Waiting For The Loveboat comes off a little better, especially in the Extended Voyage mix which didn’t make it to the compilation. Judge for yourself.

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It’s probably been nearly two years since I’ve posted anything so I guess it’s about time I changed that. What I wanted to achieve with this blog was to share music that hadn’t been heard in some time or only by a limited audience, so I did that for a while but couldn’t find the momentum to go on and kind of gave up.

So, anyway, here’s something I intended to post a while ago but never got round to it.

Lil’ Louis & The World – Blackout (Original version & Tempramental Dub)

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Some might remember this track but probably haven’t these particular versions as they were only available on a limited run promo 2x 12″ with I Called U in 1989 and not made available in any other form (that I know of, nor can discogs shed any light on this). There were four version of I Called U & four of Blackout, but only two versions of Blackout  (Phase 1 & Phase 2) saw release. The versions here seem to have been expanded into Phase 1 & Phase 2 respectively, but there’s not quite as as much of the dub version used. All of the mixes of I Called U made it to retail as it was the lead single, although the third 12″ in the set of three led with the Over The Edge version of the track and it’s a little under 3 minutes, which wasn’t even the average length of a 7″ single back then. The rest of the single was made up of US version of French Kiss, which seemed a little odd at the time as Blackout was downplayed in favour of I Called U as Blackout was considered by some to be too similar to French Kiss.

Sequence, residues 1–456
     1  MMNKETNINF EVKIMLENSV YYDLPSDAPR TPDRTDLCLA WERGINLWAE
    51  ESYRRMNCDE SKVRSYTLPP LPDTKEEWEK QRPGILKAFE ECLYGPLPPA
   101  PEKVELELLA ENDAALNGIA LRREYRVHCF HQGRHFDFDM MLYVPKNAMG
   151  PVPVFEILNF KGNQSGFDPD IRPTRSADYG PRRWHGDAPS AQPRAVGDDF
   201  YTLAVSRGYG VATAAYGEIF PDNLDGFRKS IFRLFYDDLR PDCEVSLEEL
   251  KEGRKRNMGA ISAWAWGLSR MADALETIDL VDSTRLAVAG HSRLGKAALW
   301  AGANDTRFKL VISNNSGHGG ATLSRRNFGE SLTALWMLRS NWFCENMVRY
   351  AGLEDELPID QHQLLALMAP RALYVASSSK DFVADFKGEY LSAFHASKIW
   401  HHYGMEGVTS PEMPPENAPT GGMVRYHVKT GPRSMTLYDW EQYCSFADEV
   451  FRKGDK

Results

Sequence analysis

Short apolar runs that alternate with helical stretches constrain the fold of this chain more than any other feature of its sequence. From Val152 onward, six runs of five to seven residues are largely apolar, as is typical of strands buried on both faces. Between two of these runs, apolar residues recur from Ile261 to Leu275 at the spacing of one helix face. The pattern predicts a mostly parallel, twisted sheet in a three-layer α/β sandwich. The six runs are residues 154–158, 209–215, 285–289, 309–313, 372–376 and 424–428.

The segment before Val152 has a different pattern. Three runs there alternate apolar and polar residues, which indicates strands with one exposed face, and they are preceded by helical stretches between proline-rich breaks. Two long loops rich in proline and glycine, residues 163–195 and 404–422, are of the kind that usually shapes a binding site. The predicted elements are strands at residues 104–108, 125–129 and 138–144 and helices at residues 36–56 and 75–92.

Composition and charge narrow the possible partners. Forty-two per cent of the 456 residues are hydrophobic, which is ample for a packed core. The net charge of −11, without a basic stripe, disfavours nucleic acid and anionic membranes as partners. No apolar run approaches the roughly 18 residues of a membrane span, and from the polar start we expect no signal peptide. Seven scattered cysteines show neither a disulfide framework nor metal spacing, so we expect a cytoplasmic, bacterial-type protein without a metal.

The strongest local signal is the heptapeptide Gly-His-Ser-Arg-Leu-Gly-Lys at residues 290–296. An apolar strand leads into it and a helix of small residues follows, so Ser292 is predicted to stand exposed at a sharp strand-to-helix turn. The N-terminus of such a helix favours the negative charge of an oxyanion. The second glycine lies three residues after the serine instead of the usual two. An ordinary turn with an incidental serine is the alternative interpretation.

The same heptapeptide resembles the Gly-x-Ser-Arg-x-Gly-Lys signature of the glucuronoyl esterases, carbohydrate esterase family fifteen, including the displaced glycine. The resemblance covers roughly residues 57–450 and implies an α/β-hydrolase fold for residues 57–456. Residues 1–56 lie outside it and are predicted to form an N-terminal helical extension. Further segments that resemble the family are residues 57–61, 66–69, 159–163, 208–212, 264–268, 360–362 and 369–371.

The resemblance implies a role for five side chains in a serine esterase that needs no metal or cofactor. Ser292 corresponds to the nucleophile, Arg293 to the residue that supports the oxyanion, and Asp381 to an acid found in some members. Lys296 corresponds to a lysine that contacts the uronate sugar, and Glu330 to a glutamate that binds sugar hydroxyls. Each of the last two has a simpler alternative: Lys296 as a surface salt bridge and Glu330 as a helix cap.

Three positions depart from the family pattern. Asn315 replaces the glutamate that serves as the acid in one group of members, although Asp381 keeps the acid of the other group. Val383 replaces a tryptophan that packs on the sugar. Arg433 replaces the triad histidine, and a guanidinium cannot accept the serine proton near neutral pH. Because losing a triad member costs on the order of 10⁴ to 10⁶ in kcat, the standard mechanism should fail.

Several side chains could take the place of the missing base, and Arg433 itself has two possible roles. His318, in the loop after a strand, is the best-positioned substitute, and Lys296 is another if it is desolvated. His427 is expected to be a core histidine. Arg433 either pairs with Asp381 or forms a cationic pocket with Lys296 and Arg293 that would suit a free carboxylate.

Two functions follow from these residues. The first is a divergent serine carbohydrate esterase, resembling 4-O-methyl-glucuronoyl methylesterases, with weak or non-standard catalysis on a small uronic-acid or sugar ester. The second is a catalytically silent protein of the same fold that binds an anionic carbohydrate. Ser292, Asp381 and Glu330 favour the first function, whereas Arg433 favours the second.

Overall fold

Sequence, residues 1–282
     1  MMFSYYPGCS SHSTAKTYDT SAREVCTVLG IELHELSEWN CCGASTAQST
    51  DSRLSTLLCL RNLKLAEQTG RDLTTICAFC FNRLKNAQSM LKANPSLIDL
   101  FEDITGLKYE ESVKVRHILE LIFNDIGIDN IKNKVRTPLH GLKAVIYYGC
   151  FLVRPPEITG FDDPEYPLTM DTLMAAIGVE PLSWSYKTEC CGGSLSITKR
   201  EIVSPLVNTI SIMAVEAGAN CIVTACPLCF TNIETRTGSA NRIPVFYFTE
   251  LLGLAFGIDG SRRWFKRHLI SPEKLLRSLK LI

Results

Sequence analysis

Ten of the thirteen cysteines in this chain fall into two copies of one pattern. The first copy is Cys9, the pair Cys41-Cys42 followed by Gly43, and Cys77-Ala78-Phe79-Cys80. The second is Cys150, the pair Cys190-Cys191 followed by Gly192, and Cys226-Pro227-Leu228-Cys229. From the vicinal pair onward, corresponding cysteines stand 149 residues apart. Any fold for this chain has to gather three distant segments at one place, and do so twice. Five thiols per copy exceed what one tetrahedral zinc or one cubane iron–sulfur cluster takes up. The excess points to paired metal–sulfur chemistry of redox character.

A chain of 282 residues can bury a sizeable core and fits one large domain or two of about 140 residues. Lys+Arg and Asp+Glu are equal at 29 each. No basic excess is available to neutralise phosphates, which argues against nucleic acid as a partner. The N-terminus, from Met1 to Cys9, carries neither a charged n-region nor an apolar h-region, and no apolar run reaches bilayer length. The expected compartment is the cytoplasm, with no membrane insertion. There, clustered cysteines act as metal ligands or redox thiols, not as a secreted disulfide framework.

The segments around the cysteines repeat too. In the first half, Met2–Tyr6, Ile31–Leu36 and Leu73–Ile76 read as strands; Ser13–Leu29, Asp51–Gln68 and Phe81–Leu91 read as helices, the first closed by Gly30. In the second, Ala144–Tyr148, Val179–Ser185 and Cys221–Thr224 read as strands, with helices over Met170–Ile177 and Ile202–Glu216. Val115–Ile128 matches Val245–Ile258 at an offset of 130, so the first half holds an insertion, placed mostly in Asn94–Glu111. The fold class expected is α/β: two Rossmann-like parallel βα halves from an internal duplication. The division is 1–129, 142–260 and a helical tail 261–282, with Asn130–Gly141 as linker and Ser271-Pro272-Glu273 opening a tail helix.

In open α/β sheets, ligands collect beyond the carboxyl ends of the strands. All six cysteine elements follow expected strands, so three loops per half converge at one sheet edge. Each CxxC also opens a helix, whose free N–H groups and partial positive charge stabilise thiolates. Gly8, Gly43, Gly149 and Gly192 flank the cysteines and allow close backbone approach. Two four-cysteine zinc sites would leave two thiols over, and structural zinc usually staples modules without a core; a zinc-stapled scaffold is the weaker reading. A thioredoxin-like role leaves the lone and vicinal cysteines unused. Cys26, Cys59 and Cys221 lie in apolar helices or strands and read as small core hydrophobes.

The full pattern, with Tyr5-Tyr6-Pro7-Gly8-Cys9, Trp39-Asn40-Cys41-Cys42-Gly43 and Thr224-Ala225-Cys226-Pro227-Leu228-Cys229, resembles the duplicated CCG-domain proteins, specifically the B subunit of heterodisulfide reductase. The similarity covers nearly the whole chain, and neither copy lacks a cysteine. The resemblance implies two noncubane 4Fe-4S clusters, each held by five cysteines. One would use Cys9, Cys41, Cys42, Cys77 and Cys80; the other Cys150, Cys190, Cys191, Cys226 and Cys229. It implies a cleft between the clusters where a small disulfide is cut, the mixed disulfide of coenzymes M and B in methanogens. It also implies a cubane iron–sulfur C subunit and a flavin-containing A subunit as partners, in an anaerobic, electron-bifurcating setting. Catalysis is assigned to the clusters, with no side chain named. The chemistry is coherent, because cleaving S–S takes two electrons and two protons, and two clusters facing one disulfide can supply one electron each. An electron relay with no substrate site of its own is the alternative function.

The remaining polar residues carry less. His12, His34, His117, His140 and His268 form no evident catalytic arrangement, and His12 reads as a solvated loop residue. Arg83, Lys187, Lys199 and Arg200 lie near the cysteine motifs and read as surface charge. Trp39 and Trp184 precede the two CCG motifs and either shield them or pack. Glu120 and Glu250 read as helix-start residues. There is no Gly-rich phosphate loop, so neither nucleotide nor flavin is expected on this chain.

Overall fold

As was usual, The corresponding US single was a Maxi running just under 40 minutes (this was before reforms of the single rules for the UK charts which allowed up to 40 minutes on an EP/CD Single) with 5 versions of I Called U instead (some of which are still likely to be hear if one still goes out clubbing or dances round your computer speakers during a boiler room session or whatever kids does these days). Blackout didn’t see a general release on vinyl in the US until 2006 with Phase 3 on Mathematics Records.

See you in another 3 or 4 years!